Along with golden leaves and pumpkin spice lattes, the month of October officially signals the start of the holiday shopping season. Beginning with the back-to-school shopping period through September, past Halloween and onto the winter holidays, this 4th quarter period is hugely important for businesses, and for the American economy.
And this year, it seems like all signs are pointing towards an above average winter holiday shopping season. According to the Prosper Spending Score, the overall outlook for holiday gift spending in 2014 is up more than 8% from last year. Why are consumers feeling so jolly this year? 3 main factors are poised to drive consumer spending in 2014, to make this year one of the best spending seasons in a long time.
1. Higher Holiday Hiring
The brighter economy is driving up holiday hiring plans in what some analysts are taking as an upbeat sign for holiday consumer spending. Higher consumer spending and improved employment across the nation is enticing retailers to accept waves of new employee applications in preparation for the 2014 holiday hiring season, significantly outpacing 2013. This year, we could see retailers add more than 800,000 seasonal workers for the first time since 1999.
Why the big hiring push? Compared to last year there are a lot more people who have money in their wallets to spend. That means more traffic in the stores, and that means businesses need more people. And seasonal help is needed by more than just retail and supply chain companies. Hotels, catering services, valet parkers, Christmas tree lots, pop-up Halloween stores, travel companies, food distributors--the 4th quarter crush amps up demand in many sectors leading to increased demand for workers of all kinds.
2. Your Wallet Isn't Haunted Anymore
The International Council of Shopping Centers is out with its bellwether 2014 Halloween Consumer Spending Survey, and it shows that 74% of households are planning on buying Halloween-related goods, to the tune of $11.3 billion this year. The average family will spend $125 apiece on Halloween fun, and another 20% say they'll spend more this year than last year.
This is significant and particularly encouraging news because Halloween shopping isn't considered essential spending for consumers the way back-to-school shopping is. The fact that consumers are willing to spend more on discretionary Halloween purchases is a positive sign for the upcoming holiday shopping season--and therefore gives a good indication of the overall consumer psyche. In fact, consumer confidence levels are at a 7-year high, and shoppers aren't afraid to use their credit cards anymore, charging $28.2 billion in the 2nd quarter of this year--the most in six years. A strong showing for Halloween sales certainly bodes well for the upcoming holiday shopping season in November and December.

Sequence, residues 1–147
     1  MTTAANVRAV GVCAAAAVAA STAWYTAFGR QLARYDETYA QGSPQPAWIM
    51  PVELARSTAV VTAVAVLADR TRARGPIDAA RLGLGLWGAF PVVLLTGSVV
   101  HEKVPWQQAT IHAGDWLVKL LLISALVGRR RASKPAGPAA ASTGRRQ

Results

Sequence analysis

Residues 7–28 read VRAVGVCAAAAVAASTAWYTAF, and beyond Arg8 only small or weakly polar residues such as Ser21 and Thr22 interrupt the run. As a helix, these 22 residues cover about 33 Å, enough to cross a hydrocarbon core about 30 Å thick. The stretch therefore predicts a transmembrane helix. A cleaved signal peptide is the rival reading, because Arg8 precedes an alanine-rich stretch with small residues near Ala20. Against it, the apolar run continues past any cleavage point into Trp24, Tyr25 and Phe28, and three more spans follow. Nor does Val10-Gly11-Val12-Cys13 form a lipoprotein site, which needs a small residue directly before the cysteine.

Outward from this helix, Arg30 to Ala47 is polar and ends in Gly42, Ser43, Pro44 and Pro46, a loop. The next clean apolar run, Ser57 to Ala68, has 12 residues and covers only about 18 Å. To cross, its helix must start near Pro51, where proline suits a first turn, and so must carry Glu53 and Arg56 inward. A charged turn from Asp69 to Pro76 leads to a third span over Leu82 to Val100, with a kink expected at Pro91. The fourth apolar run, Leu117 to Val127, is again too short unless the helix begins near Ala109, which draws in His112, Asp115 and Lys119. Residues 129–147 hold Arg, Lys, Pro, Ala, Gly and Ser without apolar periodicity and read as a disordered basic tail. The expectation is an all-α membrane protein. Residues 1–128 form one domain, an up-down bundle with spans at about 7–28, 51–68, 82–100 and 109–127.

3. Defrosting the Economy
Since the end of the Great Recession, the economy has added 8.2 million jobs, and the unemployment rate has fallen from 10% to 5.9%. Indeed, the United States is on track to add roughly 2.5 million jobs this year, and wages and salaries increased 0.4% in August, the most in three months. Helped by these higher wages and salaries, personal income rose a modest 0.3% in August, slightly faster than a 0.2% July increase.
Consumer spending in August rose 0.5% from the previous month, the best result since spending also expanded 0.5% in June. The acceleration in consumer spending added to signs that the economy is sustaining strength and momentum. Figures from the U.S. Census Bureau also show a consistent growth in e-commerce sales, which totaled $75 billion in the second quarter of this year. And despite recent events in energy-producing areas of the world, gas prices have held steady, also sustaining consumers' spending power. However, although consumers are heading back to the mall, their pre-recession shopping behaviors persist, and consumers will still actively seek out deals and discounts, use credit card perks like points and cash back for purchases, and search online for the best value.
Bolstered by these encouraging economic factors and intensifying consumer confidence, Deloitte anticipates that U.S. holiday retail sales for 2014 will increase by between 4% and 4.5% year on year to between $981 billion and $986 billion. The anticipated ramp up in consumer spending, which accounts for almost 70% of the economy, will help put the American recovery on better footing. And this year's holiday shopping season is poised to be one for the record books.